Why do presidential debates have such simple looks?

In the age of massive video walls and animated graphics, it might seem odd that the presidential debates still have the rather plain and simple look and feel they have had for years — but there’s a very good reason for that.

Some background information — first, and most importantly, this post is only concerning the general election debates — in other words, the debates held after the major party candidates have been selected.

The primary debates, which typically not only feature a much larger number of candidates, are also sponsored and produced by a variety of organizations and media outlets, who are free to create their own looks as they wish.

The “big” debates, however, which feature the major party candidates, are organized by the nonprofit Commission on Presidential Debates.


President Barack Obama during the 2012 debate. Photo courtesy of Obama for America campaign.

The commission, together with the candidates, negotiate the general format, rules and style of each of the several presidential and vice presidential candidate debates every four years.

On the night of those debates, the commission provides media outlets with “clean” feeds from inside the debate venue. Each network, however, decides how and when to use each shot as well as any accompanying graphics.

In other words, every network, online media stream or other media outlet out there has access to the exact same feed which is, for the most, part, dominated by single shots of the candidates at the lectern.


To avoid distracting from the key issues at hand, the commission opts to keep its debate set, no matter the layout or venue, simple and to the point — so that the visual focus remains on the whoever is speaking — whether it be the candidate, moderator or audience member.

The though exact layout varies depending on the style of debate — whether it’s standard lectern-style, in the round town hall or seated at a table, key elements have remained essentially the same — blue backgrounds, red carpet, laminated wood-toned furnishings, the commission’s eagle logo and the requisite camera ports.


Going back as far as 1988, the commission used blue curtains backgrounds behind the candidates.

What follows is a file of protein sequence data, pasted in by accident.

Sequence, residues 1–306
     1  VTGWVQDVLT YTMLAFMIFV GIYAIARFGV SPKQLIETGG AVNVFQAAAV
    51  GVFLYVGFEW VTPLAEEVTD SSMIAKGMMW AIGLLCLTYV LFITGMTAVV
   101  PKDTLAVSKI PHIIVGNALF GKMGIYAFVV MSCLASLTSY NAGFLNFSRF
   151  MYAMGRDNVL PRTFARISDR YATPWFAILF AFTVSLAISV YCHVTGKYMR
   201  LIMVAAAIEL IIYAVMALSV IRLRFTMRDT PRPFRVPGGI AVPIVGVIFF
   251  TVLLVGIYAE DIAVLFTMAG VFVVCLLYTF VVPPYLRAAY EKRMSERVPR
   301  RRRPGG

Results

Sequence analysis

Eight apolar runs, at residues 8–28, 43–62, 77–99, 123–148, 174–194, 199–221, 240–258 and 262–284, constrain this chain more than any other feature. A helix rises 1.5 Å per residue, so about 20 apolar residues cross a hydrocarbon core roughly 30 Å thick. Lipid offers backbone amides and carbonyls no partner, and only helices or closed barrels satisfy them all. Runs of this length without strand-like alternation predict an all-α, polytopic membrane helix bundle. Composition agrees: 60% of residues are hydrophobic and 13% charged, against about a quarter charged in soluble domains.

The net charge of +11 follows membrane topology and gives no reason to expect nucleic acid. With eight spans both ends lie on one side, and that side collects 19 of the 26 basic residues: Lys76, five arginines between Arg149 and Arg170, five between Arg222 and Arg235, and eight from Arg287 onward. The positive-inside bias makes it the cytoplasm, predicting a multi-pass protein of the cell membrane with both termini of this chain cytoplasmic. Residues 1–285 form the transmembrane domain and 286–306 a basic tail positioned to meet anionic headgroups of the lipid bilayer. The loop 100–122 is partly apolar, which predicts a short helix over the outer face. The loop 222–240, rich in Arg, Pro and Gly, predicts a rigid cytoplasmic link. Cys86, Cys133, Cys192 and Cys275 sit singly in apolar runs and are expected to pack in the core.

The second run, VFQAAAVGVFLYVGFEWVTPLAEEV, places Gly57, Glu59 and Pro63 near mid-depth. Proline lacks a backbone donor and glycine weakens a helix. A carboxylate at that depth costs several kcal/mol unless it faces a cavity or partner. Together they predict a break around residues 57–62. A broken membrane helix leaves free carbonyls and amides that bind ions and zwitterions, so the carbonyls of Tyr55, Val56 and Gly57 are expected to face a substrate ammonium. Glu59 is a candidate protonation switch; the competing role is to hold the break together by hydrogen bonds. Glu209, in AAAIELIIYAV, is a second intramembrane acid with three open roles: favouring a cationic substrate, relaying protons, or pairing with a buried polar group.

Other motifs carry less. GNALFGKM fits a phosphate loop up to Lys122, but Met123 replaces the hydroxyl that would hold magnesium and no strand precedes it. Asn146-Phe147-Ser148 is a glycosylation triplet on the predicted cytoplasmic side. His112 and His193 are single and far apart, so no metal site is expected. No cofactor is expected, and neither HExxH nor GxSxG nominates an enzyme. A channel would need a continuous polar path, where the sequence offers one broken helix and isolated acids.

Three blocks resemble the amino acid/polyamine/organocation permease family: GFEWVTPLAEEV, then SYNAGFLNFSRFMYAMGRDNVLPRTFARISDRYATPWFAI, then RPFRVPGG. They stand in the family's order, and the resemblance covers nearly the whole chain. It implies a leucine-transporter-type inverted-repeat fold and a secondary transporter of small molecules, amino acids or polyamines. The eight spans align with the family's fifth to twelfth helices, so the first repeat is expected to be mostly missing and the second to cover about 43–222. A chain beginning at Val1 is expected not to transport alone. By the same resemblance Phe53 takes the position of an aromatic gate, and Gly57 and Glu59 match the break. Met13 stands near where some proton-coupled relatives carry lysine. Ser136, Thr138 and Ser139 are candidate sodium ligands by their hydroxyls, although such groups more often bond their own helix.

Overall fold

Then, for a stretch, the curtains became solid blue walls and the lecterns become blocky, top-heavy affairs in a blonde wood tone that typically matched any moderator or panel desk that was needed. These debate sets also typically featured a wide, blacked out cut out in the center that hid the cameras used to capture both the moderator or panel and, if applicable, audience shots.

Except for formats that allow direct audience participation, the moderator or panel typically sit with their backs to the audience, which remains clouded in darkness during the actual debate, meaning the background is essentially just a black “curtain.”


In 2004, the set was updated a bit. It still featured blue walls, but a header with white stars and both horizontal and vertical red lines was added, including in the backgrounds behind the candidates.


For the next round, in 2008, the debate commission made the rather daring (for them) move to add a lighter blue background featuring the text of the Declaration of Independence written in an old-fashioned script.

This look, incidentally, became engrained in many people’s minds after “Saturday Night Live” created a mini version of the set for its sketches featuring Tina Fey as then vice presidential candidate Sarah Palin.

The debate set can be expanded as needed by essentially adding additional wall sections, camera portals and backgrounds — which typically is key for any town-hall or forum style debates that might be scheduled.


Another fixture of the debate set is the large, cutout eagle logo that the commission uses. This is typically mounted in the center of the set, above the camera port, and dramatically lit with accent lighting.

For 2016, the commission has confirmed a similar debate set, featuring the declaration text, will be used, though with some updates.